Fish lifelists offer new goals for anglers and naturalists

Michigan lakes and rivers are home to an impressive number of fish species that most people never encounter. Keeping a lifelist is one way to explore and enjoy the variety of fish in local waters.

Did you know that 147 species of fish can be found in Michigan waters? The official list of Michigan fish includes representatives from 28 families ranging frFishes of the Lower Grand River Checklist cover image.om a freshwater cod that lives in cold, deep Great Lakes waters to the tiny and colorful redside dace, which resides in a handful of southeast Michigan streams.

Despite this diversity, anglers regularly target only around 30 species on a regular basis and non-anglers rarely learn how to observe and identify fish. With a little knowledge, though, and a healthy dose of curiosity, you can open the door to a “deeper” appreciation of your favorite lakes and rivers. Starting a lifelist of fish species is one way to provide incentive to take a closer look at home waters or to explore new environments.

In the bird watching world, lifelists have long served as the tool of choice for charting progress, comparing notes, and measuring success. Birders might keep a single lifelist for all species they have identified in the field, or multiple lists broken down by region, year, or method. A small but growing number of anglers is adapting this approach and finding the fun in keeping lifelists.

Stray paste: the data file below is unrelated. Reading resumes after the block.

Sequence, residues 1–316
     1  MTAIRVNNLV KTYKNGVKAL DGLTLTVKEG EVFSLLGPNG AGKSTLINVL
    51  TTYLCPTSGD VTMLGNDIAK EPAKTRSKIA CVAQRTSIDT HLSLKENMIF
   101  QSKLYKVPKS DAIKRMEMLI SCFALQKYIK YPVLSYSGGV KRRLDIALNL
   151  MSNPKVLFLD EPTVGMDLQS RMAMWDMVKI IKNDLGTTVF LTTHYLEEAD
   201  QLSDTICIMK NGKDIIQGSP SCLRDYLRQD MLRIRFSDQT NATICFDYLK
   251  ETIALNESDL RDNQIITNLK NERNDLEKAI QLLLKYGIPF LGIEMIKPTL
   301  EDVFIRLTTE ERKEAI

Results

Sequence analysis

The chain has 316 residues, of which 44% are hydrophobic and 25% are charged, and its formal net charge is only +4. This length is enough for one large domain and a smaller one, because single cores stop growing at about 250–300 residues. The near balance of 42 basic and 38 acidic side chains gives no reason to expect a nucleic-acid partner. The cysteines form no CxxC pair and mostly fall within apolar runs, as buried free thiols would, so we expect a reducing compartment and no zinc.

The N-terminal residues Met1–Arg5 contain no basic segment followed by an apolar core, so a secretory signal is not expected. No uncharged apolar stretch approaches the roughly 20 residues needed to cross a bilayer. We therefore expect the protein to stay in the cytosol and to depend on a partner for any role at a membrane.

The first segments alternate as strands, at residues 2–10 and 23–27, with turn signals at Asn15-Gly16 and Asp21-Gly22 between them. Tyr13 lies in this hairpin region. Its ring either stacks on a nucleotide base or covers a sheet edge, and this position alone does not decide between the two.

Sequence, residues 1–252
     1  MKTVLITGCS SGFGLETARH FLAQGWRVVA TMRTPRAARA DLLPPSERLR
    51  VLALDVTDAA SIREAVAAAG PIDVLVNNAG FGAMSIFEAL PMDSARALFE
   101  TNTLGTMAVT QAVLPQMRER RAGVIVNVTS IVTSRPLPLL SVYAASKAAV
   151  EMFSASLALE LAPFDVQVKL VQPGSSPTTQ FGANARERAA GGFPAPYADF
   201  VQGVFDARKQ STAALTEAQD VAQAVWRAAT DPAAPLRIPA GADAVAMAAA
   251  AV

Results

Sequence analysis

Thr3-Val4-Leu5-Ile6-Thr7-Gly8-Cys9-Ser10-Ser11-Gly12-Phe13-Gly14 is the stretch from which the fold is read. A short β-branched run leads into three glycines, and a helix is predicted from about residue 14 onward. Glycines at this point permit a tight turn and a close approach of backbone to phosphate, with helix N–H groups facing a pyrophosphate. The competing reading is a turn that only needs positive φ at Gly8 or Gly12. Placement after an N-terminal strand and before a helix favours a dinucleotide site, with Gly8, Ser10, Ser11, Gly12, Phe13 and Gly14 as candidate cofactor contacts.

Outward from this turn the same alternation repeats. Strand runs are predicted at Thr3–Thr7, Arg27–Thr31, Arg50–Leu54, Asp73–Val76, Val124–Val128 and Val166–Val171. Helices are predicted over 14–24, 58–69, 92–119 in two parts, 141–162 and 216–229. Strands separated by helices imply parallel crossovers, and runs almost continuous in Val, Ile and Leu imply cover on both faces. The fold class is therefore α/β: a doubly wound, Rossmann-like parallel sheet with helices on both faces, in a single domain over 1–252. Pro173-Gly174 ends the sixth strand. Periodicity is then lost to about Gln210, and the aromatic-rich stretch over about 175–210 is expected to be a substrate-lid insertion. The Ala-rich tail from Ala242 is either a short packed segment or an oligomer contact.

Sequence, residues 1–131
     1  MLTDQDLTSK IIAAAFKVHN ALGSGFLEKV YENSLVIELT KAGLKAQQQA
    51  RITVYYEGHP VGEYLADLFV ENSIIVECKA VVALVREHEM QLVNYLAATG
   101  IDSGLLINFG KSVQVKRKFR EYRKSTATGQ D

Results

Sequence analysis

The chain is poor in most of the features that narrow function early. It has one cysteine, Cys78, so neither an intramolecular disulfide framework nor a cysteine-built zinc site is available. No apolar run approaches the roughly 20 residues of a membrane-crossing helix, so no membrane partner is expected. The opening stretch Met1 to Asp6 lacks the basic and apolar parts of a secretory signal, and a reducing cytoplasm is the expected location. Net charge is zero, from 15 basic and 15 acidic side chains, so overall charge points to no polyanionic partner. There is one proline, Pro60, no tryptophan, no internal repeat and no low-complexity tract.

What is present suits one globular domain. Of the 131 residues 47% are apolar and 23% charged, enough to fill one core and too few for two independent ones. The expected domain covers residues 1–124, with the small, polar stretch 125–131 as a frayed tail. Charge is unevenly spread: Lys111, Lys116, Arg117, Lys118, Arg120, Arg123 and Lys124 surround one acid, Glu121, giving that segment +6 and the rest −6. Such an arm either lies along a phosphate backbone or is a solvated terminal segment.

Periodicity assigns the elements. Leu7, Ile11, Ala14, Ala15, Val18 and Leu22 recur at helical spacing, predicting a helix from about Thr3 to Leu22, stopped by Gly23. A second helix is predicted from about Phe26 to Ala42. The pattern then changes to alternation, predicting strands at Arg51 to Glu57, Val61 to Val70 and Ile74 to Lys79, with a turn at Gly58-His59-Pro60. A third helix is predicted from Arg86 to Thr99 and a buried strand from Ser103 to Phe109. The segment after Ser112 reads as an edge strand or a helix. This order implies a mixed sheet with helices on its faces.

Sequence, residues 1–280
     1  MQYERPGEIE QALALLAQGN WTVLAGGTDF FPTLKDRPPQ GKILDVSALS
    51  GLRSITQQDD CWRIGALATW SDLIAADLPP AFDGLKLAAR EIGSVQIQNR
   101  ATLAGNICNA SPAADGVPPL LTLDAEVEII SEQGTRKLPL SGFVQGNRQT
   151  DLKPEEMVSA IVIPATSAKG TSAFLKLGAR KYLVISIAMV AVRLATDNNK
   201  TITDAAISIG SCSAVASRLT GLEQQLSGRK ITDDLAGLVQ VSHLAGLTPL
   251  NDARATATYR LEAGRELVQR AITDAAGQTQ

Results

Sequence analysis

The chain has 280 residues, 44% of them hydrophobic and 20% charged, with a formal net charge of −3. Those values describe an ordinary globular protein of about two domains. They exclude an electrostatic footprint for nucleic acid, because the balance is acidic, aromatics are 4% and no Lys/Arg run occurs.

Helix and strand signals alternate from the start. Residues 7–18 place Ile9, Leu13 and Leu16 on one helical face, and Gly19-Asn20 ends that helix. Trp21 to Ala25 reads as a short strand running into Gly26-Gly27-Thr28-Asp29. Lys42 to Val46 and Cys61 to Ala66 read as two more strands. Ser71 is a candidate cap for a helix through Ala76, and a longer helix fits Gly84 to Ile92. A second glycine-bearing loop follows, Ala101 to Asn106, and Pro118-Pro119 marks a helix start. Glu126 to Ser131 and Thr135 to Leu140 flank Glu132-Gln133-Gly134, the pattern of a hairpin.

Roughfish.com is an online community that offers free membership and tracking of lifelists for members. The site also includes forums and articles that are helpful for learning to target and identify species that are rarely caught using methods appropriate for more popular gamefish. Take the longnose gar, for instance. A gar’s mouth is too bony to penetrate with a hook, so hookless lures that tangle in their teeth are far more effective.

A good resource for non-anglers is the North American Native Fish Association (NANFA), an organization dedicated to education and the conservation of native fish. NANFA members can offer advice on where and how to observe and collect minnows and other small species rarely caught by anglers. Certain types of nets and minnow traps are legal in most Michigan waters, but be careful to check the Michigan Fishing Guide before collecting.

Although it is not nearly as popular as bird watching, fish watching is also a viable option for nature enthusiasts. Fish ladders and weirs are often closed to fishing when large numbers of fish congregate in the area, offering a great opportunity to see large numbers of fish. Snorkeling in clear streams and inland lakes is a good way to beat the heat and take advantage of low river levels in late summer. Don’t forget to look behind you as predatory fish often follow close behind to grab smaller fish that are spooked by your presence.

Regardless of the methods you choose, keeping a lifelist of fish is a fun way to chart progress while exploring the diverse waters and fishes of Michigan. Additional resources from Michigan Sea Grant and Michigan State University Extension include the new Fishes of the Grand River checklist, and Guide to Great Lakes Fishes – a field guide printed on waterproof paper. 

Fishes of the Lower Grand River checklist printable PDF

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